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  • The movement to reduce the work week from five to four days

    Russ Francis

    Thousands of BC Government employees are already halfway to a 4-day work week.


    NOT EVERYONE IS WILDLY ENTHUSIASTIC about chopping the normal work week to four days from five, as recently promoted by New Zealand Labour Prime Minister Jacinda Adern.

    While not rejecting it outright, Prime Minister Justin Trudeau was decidedly non-committal when asked about the idea on May 27.  Other priorities, etc.

    Former BC Green Party leader Andrew Weaver, now an independent MLA, pulled fewer punches than Trudeau, calling it on Twitter “an absolutely kooky idea.” His exclamation was in response to comments supporting the four-day week from current Green house leader Sonia Furstenau and acting leader Adam Olsen. Weaver’s comments were in part just the surfacing of long-simmering tensions within the formerly Weaver-led Green caucus.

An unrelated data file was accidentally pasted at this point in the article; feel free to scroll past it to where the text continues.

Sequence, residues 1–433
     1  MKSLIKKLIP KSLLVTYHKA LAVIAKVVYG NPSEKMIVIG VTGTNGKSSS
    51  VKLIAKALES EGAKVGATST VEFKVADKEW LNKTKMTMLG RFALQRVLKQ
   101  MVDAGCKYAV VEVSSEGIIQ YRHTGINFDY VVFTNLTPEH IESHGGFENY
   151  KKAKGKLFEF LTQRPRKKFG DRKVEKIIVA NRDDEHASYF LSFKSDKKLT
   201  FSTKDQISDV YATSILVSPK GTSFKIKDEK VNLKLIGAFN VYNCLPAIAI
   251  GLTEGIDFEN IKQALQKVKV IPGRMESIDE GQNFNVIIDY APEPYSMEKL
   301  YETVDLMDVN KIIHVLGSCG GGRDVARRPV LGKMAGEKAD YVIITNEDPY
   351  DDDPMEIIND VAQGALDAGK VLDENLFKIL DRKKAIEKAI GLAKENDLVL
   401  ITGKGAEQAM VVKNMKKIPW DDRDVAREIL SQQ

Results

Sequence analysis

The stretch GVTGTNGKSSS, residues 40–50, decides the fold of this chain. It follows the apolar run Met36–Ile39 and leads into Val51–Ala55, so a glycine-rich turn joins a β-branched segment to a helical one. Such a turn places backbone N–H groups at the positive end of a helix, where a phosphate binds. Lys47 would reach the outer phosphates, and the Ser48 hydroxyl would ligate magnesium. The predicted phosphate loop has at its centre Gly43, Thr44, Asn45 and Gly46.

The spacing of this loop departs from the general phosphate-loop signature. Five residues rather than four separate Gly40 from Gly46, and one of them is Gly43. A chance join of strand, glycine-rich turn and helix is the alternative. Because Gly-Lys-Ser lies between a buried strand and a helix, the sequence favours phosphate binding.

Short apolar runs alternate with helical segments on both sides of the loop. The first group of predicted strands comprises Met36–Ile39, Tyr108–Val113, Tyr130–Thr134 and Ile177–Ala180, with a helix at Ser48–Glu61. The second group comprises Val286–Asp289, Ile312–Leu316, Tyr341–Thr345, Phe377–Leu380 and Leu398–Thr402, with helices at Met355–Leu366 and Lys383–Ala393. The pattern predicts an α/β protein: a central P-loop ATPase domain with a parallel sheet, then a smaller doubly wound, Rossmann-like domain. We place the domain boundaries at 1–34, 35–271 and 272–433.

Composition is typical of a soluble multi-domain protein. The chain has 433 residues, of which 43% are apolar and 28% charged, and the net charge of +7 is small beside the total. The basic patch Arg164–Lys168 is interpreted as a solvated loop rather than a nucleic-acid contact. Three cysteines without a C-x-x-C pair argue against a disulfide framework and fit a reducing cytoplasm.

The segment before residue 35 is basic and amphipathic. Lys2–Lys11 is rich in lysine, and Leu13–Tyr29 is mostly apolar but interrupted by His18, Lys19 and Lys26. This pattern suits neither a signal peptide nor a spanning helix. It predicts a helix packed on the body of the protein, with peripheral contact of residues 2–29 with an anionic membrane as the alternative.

The right-leaning Fraser Institute released a June 3 statement that prima facie supported the four-day work week. Well, kind of.

    First, it would take till 2030.

    Second, it would require workers to work harder, or to use the popular euphemism, increase “productivity.” The release didn’t discuss the fact that, as previously observed by the Fraser Institute itself, labour productivity is highly dependent on companies’ investments in machinery, equipment and intellectual property. And that investment has declined in Canada in recent years, as company after company used their spare cash to buy back their own shares—boosting the share price—rather than invest in anything that would help their staff.

    Premier John Horgan, asked June 4 by a Global News reporter about the Fraser Institute release, was at best lukewarm, saying only that “nothing should be off the table.”

    BC Labour Minister Harry Bains also managed to restrain his excitement at the prospect, in a statement sent to Focus June 19. His government “fully supports creative ideas about how to ensure workers can balance work with other obligations,” he said in the statement. In fact, there’s nothing to stop employers and workers voluntarily switching to a four-day week.